Tired fingers don't slow this Betsy Ross

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By Vince Luecke

Tell City flag maker shares work with volunteers, doctors

Diane Dickinson's fingers don't work as well as they used to. The effects of a stroke suffered more than a decade ago limit the movement of her hands and a fall that fractured a wrist didn't help. And then there's the arthritis. Yet all that doesn't stop the Navy veteran from creating handmade U.S. flags she presents to friends and local veterans.

"I haven't made that many yet, maybe just five or six of the big ones, but I enjoy giving them to people who've helped me and others," the local Betsy Ross said during an interview in the living room of her Tell City home.

Dickinson makes small, medium and large-sized flags from plastic canvas - a thin plastic grid of square holes - found in most craft stores and colored four-ply yarn used to knit the red and white bars and blue field. She sews on the stars individually, a tedious job accomplished with a needle and thin clear thread. She places magnets on the backs of most flags, allowing them to hang proudly from refrigerators, filing cabinets and other metal surfaces.

"It's something patriotic to do, I guess. People enjoy them," she said during a show-and-tell of her flag-making.

Dickinson grew up in Tell City and joined the Navy in 1975, shortly after high school, against the wishes of her Navy-veteran father, who worried about the reputations women in the Navy were unfairly given.

She served four years, mostly working in Navy warehouses, with stints in Texas and Puerto Rico, but dodged a possible assignment in Greenland.

"A friend told me they should have named Iceland Greenland and Greenland Iceland," she quipped, happy she didn't have to endure someplace colder than the Naval Station Great Lakes she trained at in North Chicago.

After her discharge, the job market was in a downturn, so Dickinson soon reenlisted for another two years, keeping her rank and pay. Her initial enlistment date designates her a Vietnam-era veteran.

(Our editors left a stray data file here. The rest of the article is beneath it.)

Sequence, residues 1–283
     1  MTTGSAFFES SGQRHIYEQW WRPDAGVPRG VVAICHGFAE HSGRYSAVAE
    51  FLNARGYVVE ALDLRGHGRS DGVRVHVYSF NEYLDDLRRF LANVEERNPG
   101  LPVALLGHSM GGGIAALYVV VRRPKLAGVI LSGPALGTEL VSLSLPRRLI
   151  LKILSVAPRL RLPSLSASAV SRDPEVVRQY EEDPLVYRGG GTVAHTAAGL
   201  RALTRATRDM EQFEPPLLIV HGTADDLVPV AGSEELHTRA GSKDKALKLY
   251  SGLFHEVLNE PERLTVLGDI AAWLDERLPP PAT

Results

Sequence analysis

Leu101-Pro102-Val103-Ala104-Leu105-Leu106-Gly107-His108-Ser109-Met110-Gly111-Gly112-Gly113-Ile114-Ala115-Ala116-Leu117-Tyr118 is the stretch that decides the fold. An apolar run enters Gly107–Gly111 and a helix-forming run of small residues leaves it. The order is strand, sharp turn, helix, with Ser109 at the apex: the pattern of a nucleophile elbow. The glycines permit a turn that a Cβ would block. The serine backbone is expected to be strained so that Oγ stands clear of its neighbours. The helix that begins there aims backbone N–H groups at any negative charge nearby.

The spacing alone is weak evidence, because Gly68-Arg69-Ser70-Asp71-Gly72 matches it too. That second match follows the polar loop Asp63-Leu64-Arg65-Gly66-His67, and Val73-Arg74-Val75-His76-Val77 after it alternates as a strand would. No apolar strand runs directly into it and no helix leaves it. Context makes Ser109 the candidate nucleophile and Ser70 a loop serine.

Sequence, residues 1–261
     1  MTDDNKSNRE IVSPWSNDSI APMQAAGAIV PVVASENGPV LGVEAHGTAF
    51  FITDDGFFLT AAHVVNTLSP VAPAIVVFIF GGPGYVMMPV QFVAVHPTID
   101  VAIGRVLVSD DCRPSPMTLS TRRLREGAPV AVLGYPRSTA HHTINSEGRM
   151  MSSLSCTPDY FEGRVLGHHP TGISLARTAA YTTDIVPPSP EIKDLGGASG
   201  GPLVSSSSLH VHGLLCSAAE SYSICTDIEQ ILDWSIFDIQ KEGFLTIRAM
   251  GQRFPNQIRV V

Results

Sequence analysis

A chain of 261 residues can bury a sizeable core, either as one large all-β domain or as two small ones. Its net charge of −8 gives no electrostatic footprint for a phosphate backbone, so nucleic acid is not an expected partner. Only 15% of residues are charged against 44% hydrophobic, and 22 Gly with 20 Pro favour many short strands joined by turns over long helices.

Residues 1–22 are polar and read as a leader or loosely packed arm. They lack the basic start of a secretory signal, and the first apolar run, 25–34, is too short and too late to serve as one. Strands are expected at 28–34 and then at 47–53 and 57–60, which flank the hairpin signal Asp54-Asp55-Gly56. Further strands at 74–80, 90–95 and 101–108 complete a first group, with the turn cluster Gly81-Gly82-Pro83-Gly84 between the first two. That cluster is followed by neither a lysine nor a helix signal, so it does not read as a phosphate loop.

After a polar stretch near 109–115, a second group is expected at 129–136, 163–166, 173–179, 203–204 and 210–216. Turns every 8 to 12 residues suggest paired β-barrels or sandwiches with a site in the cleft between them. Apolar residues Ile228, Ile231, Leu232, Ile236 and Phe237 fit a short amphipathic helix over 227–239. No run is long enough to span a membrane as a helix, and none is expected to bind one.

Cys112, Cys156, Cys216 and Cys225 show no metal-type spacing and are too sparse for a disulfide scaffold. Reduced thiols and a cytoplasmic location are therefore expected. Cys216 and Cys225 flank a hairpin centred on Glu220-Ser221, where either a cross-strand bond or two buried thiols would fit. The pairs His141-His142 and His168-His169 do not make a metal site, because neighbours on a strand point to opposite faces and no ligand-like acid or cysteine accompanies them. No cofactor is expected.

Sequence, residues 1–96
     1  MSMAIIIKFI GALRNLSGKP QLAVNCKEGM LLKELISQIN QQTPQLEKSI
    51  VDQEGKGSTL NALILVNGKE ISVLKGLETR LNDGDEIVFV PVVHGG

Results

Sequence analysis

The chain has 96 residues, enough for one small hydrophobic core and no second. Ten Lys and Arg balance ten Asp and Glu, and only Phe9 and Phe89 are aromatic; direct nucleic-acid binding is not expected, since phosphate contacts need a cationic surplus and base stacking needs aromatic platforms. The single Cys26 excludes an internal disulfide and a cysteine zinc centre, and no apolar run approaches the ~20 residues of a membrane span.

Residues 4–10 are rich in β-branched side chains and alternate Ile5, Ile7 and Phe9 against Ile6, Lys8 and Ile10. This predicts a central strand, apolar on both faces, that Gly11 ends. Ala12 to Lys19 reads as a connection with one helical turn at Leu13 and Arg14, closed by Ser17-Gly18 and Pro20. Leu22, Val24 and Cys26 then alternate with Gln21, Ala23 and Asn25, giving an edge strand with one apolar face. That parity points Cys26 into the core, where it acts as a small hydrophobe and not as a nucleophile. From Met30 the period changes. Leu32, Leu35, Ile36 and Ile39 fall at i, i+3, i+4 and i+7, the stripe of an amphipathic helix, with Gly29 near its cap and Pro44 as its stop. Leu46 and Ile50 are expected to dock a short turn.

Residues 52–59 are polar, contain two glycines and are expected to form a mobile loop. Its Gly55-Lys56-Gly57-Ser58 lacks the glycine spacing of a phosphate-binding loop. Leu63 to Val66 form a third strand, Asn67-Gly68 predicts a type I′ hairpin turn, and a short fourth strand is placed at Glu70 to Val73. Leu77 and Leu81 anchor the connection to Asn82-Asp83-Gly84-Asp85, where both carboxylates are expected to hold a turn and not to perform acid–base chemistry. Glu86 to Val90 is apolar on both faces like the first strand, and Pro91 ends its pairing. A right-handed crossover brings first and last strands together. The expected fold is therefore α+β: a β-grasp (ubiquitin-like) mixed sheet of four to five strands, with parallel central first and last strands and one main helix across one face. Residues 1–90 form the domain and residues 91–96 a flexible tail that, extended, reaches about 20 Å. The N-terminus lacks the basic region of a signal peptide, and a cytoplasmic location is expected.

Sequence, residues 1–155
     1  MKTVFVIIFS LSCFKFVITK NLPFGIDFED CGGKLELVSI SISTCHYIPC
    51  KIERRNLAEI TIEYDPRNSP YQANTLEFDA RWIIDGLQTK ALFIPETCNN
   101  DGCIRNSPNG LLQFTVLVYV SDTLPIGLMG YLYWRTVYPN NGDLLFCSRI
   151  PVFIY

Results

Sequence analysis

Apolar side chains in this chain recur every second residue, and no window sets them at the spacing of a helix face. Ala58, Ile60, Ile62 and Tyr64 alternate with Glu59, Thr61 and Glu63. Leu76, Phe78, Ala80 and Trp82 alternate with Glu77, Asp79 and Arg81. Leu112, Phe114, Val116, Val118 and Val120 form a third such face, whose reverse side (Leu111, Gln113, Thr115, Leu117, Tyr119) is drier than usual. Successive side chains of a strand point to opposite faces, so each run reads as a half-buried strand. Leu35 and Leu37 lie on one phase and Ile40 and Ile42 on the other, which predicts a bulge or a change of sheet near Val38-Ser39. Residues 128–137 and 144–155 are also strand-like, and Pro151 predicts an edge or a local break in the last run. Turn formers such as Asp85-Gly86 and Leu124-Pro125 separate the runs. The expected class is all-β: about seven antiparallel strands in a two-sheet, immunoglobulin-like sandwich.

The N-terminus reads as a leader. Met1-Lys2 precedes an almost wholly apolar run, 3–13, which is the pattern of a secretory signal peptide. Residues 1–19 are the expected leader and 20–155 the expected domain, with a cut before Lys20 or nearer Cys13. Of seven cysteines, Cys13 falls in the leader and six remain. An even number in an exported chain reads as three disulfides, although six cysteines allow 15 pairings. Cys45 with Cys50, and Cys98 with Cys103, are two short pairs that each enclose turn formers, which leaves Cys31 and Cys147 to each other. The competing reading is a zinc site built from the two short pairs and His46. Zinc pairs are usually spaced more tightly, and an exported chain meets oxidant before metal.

The early 1990s stroke slowed her down considerably and she returned to Tell City in 2003.

One day she noticed a small flag in a beauty shop and decided to try her hand.

"After the stroke, I needed something to do," she said. She gathered the needed supplies and set to work, tapping feelings of patriotism and a desire to be creative.

Lessons long ago from her grandmother helped and the flags didn't look bad.

Flags have also gone to volunteers who drive veterans like Dickinson to Veterans Administration facilities in the area. She's also given some to doctors and she hopes the small gestures remind the health professionals of how much they are appreciated. "They have bad days, too, and they hear complaints from patients. I hope it helps brighten their days."

Working on the flags also cuts down on snacking. "It gives my fingers something to do, so I'm not always putting food in my mouth," she says, adding she's lost 50 pounds over the past year.

Dickinson has contributed two flags to Tell City's Sesquicentennial time capsule and one of them will go into the capsule with a copy of this story. Anyone interested in Dickinson's homemade flags can call her at 548-0067.